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Paul Adams writes for Trust & Trustees

In an article for Trust & Trustees, Paul Adams discusses the circumstances in which proprietary claims can be made by intermediate recipients of the proceeds of fraud.

If a fraudster obtains money by deceit, breach of trust or breach of fiduciary duty and seeks to launder that money by passing it through a chain of companies, the victim of the fraud will generally have an equitable proprietary claim to the proceeds in the hands of the ultimate recipient. But what of the companies involved in laundering the money? If they are put into liquidation, can they, by their liquidators, also make a proprietary claim to the proceeds? The answer to this question may be important, particularly in complex fraud litigation where the identity of the claimant can have far-reaching substantive, jurisdictional and tactical consequences.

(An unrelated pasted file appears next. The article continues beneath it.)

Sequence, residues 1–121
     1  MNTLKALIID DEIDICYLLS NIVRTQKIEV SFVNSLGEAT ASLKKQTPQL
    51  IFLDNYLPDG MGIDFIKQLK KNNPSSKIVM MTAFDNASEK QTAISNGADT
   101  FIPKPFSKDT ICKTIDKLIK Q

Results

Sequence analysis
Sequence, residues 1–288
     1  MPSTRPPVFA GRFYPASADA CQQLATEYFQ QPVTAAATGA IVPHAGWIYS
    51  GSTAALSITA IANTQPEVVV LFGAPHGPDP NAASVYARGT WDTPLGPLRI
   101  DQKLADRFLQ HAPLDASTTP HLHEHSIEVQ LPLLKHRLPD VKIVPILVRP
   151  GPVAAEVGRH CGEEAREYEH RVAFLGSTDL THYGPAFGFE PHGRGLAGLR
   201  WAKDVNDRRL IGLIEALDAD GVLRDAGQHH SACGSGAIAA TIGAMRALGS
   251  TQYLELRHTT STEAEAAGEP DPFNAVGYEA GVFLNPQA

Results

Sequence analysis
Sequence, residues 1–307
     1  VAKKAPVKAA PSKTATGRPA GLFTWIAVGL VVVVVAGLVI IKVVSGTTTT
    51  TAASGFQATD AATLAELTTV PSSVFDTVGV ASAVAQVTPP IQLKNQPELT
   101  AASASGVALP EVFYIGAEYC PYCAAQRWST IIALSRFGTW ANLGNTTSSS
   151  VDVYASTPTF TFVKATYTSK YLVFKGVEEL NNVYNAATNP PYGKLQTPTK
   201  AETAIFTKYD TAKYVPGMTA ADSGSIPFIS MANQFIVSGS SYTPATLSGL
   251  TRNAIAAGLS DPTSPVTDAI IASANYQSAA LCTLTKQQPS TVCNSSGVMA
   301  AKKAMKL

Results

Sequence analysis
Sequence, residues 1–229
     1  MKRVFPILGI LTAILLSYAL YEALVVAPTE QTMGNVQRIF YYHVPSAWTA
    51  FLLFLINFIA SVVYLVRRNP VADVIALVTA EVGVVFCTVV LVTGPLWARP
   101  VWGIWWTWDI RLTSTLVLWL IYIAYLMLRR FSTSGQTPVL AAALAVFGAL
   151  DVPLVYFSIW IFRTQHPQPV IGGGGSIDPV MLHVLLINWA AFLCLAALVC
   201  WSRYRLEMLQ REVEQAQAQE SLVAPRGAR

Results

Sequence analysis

To read the article in full, please click here (paywalled).

Read more about Paul’s practice here.